JD.com and Alibaba create indexes to identify Chinese shoppers’ spending trends, which help retailers gain insight.
IRCE Mobile Commerce Workshop chair stresses urgency to jump into mobile.
There are 234 million mobile phone users in the U.S., according to web and mobile web measurement firm comScore Inc. 48% of those phones, or 112.3 million, can access the Internet. Those numbers show that mobile technology is ubiquitous and merchants need a mobile commerce web site today, said Bill Siwicki, managing editor, mobile commerce, of Internet Retailer, in his opening remarks today at the Mobile Commerce Workshop during the Internet Retailer Conference & Exhibition in San Diego.
“Mobile commerce is growing at a remarkable pace. And if you’re a merchant, you don’t want to be left behind as m-commerce is inextricably weaving itself into the fabric of e-commerce,” Siwicki said. “So if you haven’t already created an m-commerce site or a mobile shopping app, now is the time. It’s not too late.”
Siwicki cited a variety of statistics that painted a picture of a growing mobile landscape that merchants must navigate. For example, in the first quarter of 2010, according to research firm The Nielsen Co., 23% of mobile phones in use were smartphones; that figure rose dramatically to 36% in the first quarter of 2011. Nielsen says by the end of this year, nearly half of all mobile phones in use will be smartphones—that’s around 115 million people armed with powerful mobile devices.
“The adoption of smartphones is the primary driver behind mobile commerce,” Siwicki said. “It is inevitable that once a consumer has a smartphone in his hand, his use of the mobile web soars. And he has immediate expectations that site publishers and merchants provide a high-quality web experience that befits the device in his hands.”
Two mobile operating systems are dominating the smartphone market, and retailers must understand how they work and what they can do, he added.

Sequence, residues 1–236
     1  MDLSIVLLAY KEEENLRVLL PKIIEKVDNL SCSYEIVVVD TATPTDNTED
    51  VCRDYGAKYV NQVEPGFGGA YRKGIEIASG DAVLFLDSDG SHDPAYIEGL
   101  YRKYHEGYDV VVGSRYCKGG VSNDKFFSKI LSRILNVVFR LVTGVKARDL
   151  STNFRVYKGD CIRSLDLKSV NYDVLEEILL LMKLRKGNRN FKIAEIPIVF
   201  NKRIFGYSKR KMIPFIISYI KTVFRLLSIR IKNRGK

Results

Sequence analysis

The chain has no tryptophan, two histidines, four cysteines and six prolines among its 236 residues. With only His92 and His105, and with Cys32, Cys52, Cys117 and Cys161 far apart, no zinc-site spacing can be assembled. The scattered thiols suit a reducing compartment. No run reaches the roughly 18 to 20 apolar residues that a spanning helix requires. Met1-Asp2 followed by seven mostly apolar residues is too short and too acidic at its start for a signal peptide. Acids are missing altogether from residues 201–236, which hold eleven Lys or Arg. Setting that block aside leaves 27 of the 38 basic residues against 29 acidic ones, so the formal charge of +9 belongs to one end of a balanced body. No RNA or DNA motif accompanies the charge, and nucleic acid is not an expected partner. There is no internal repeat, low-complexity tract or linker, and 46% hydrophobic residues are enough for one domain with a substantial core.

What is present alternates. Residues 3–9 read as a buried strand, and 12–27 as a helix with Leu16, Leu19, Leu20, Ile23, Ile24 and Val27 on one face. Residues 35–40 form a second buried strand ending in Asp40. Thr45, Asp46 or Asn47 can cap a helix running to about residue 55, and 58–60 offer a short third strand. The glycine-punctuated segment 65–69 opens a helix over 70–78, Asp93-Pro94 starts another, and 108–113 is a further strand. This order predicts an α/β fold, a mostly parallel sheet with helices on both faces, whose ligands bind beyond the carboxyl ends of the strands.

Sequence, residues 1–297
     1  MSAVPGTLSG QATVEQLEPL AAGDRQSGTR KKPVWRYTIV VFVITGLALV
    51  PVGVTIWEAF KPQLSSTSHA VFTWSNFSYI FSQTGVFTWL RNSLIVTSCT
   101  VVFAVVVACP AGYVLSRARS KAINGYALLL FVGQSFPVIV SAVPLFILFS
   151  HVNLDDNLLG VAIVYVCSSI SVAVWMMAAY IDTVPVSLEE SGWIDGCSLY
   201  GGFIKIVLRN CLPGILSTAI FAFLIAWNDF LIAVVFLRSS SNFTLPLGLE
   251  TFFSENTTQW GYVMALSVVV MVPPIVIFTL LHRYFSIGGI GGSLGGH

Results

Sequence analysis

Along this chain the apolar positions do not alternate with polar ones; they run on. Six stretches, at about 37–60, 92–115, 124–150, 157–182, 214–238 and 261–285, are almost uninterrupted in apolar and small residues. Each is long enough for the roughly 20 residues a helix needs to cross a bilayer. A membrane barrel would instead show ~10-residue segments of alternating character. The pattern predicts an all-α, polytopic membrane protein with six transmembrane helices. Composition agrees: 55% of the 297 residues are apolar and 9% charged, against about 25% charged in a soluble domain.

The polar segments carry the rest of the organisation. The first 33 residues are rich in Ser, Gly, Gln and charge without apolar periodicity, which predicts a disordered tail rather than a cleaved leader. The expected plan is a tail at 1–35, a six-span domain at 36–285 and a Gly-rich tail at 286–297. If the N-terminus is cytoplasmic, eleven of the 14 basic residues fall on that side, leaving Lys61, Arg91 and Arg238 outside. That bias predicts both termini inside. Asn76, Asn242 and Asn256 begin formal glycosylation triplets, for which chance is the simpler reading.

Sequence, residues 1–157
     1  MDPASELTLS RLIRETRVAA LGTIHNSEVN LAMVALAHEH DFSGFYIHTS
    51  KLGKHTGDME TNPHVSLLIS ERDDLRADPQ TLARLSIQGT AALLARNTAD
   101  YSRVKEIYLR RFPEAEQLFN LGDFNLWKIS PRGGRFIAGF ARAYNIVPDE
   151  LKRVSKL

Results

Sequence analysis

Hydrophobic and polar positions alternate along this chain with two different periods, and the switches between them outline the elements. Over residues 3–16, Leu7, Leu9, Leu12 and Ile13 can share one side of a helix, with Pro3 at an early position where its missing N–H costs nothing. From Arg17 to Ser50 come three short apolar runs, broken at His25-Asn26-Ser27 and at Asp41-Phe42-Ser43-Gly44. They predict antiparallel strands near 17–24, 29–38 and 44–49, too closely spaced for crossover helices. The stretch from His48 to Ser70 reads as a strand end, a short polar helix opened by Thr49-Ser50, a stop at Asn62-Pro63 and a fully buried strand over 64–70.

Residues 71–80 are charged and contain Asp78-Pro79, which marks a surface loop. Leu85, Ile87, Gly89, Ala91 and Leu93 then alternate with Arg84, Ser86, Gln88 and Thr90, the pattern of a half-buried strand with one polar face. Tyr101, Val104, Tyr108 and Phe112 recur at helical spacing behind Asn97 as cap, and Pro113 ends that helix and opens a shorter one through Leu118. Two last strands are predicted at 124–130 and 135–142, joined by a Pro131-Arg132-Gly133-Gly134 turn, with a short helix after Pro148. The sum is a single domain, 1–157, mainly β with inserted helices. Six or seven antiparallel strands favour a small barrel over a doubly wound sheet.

Nielsen says that as of April 2011, devices running the Android operating system accounted for 37% of the market while the iPhone corralled 27%. “These are the two operating systems you need to focus on when building mobile apps,” Siwicki said. “Third-place finisher BlackBerry’s market share, now 22%, has been sinking like a stone, and it’s a brand that attracts business users who keep calendars and contacts and primarily check e-mail. They don’t browse the web and use apps as much as iPhone and Android users. HP WebOS—the brand formerly known as Palm—and Microsoft Windows Phone have minimal market penetration.
It’s Android, which runs numerous smartphones and tablets, and Apple’s iOS, which runs the iPhone, iPod Touch and the highly popular iPad (Two iPad apps push the evolution of the catalog ), that should be the focal points for merchants.”
As smartphone penetration grows, so, too, does tablet PC penetration, thanks to the phenomenal success of Apple Inc.’s iPad. Tablet PCs are changing the mobile landscape and retailers must be prepared with optimized web sites, and perhaps tablet apps, too, Siwicki said. Forrester Research Inc. reports in 2010 there were 10.3 million tablet users. That figure will balloon to 26 million this year, 50.7 million in 2012, 67.7 million in 2013, 76.1 million in 2014 and 82.1 million in 2015.
“The iPad and its Android counterparts are amazing machines, and as time goes by you will see more consumers shifting their web browsing time from their desktop PCs to their tablets,” he said. “It’s important to address the large number of users of the iPad, by far the market leader with more than 80% of the tablet market sewn up today. It will be crucial to address tablets of all kinds within the next year or two.”
Forrester Research also has studied the state of mobile commerce strategy and has found that 29% of merchants have implemented a mobile commerce strategy and now are refining it, 19% have a mobile strategy and have begun implementation, and 9% have a strategy and are preparing for implementation.
“That’s 57% of retailers in m-commerce or very close to being there. And of those merchants with a strategy, 44% have one or more employees dedicated solely to mobile commerce,” Siwicki said. “If you’re not in mobile commerce, you’re losing a highly competitive edge.”